If you’re new to Japan, there are many quirks and unique experiences here that might be surprising to a first-timer. One of the reasons for this is that Japan is, yes, very different from a lot of other countries. Another, for western visitors, is that it might be your first time in a wildly different culture.
The other is that you’ve probably seen articles like this before, but they cherry-picked examples to make a show of how bizarre Japan is — most of it is usually rare and strange even here. For this article, I’m going to share a few things that are unique to Japan, or at least Japan and a handful of other countries, but are also normal here; I had to check most of them to make sure they’re not normal elsewhere. It can be hard to tell when you’re used to living in one place.
Sometimes it comes as a bit of a surprise. Taking your shoes off indoors? Pretty normal everywhere east of Hungary, and in plenty of other places too; it just so happens that everyone I know who’s visited Japan came from places where this isn’t really done. I wish it were, though. Let’s try a couple more unusual things, then.
1: Tissue paper and cloth handouts. The first one’s more of an urban phenomenon; it’s not going to happen to me while I’m strolling about in the mountains. That said, a popular form of advertisement is to hire people, sometimes with a sign, to hand out little plastic packages of tissue paper to passersby, which contain a small slip with an ad. Apparently these ’pocket tissues’ reach about 5 billion packages a year in production, which gives you some idea of the scale of things in cities.
In restaurants, meanwhile, before the meal, you’re almost guaranteed to receive an ’oshibori’. A heated, damp cloth to clean your hands with (and then hold for a while anyway, if you’re me, because they’re really warm).
2: Limited edition everything. For sweets, anyway. All kinds of sweets will have seasonal limited runs, and often local variants as well, using some kind of famous local produce. Of actual branded products, this goes for pocky and kit-kat most often (and outside sweets, regional Hello Kitty variants). Other than that, there’s an entire cottage industry of mixing local produce into ice cream to market it. Sometimes, this can work out well and make some interesting flavours. Other times, you have ishiru (juice from fermenting sardines, used as a condiment) ice cream. So, mixed results.
3: Unoccupied vegetable stands (and sometimes tofu as well). This one is more of a countryside sight, where farmers put up a stand with their produce, prices listed, and a box to put money in, counting on people to take what they want and pay properly, without anyone actually watching the stand. Honestly, I’m happy I live in a place where this works.
4: Mascots. Everything has an official mascot, it’s basically step 1 of marketing in Japan. Sometimes mascots sprout up even when there’s nothing to market, presumably out of sheer force of habit (or trying to give a face to groups and places). I’m fairly sure my town has three or more official ones. Depending on the case, there may also be a suit handy for someone to dress up as that mascot for events. If you’re curious about examples, you might want to look up ’yurukyara’ for some examples.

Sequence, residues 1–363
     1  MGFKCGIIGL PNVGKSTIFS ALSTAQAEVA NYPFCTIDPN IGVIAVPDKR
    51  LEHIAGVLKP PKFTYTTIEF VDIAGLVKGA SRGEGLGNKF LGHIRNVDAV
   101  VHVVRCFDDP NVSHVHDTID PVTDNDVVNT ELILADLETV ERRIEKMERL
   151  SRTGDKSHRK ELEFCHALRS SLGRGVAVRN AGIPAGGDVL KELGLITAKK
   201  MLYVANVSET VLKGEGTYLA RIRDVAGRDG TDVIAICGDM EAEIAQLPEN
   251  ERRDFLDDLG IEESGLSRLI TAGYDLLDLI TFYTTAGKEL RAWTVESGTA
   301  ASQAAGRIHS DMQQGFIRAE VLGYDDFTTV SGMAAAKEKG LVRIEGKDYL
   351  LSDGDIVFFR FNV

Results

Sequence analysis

5: Decorated trucks. By no means the norm, but they happen reasonably often and you might see one driving late at night. Just… see for yourself.
6: Plastic display food. I was absolutely shocked to find out this isn’t standard practice outside Japan and Korea, but here we are. Restaurants will often have a display cabinet outside, stocked with some of their major dishes as wax-and-plastic models, created to look as similar to the actual dish as possible; these are partway between a demonstration to show what you’re getting, and an ad to draw customers in. I once walked through a part of Kappabashi (a district of Tokyo that sells to the catering industry quite often) with shops advertising these models, which was a very strange sight. Apparently, these started up in the 20 s, and predate menus somewhat in Japan.
7: Okay, you came here to hear something bizarre and the trucks don’t count for you. Consider: The boxed gift section of michi-no-eki (roadside stations, which tend to be a few eateries and a park clustered around a gift shop). Japan already has a culture of preset gifts — often sweets that never see the light of day otherwise, or soaps, among other examples — that are meant to be given as presents on certain very specific occasions, at which point they’re usually stowed away and regifted. If you’re back from a trip, on the other hand, you might bring something local, often a food. Some of these are actual local specialties, while others are more universal. Two of those are eel pie and cheesecake.
Yes, eel pie. I’m not sure exactly how this started, I think it may be the supposed health benefits of eel, especially the idea that it’s supposed to help with summer heat somehow. So you put it into puff pastries covered with enough sugar to glitter in the light, as you do. Many of these boast that you can barely taste the eel, which is reassuring but also leaves me wondering what the point of the whole business is.
The cheesecake is fine though, right? Well, no. Japan has no end of perfectly good cheesecakes, and then it has these, where the idea only seems to have come as far as ’take a cheese, put it in a cake and add sugar’. Edam, camembert, brie, cheddar and blue cheese are all very popular options for this. I’ve never had one in my life but I feel a little afraid any time I walk past stacked boxes of them.
There’s a lot more to go into, but there’s only so much room at once; keep an eye out, though, there’s sure to be more to share next time!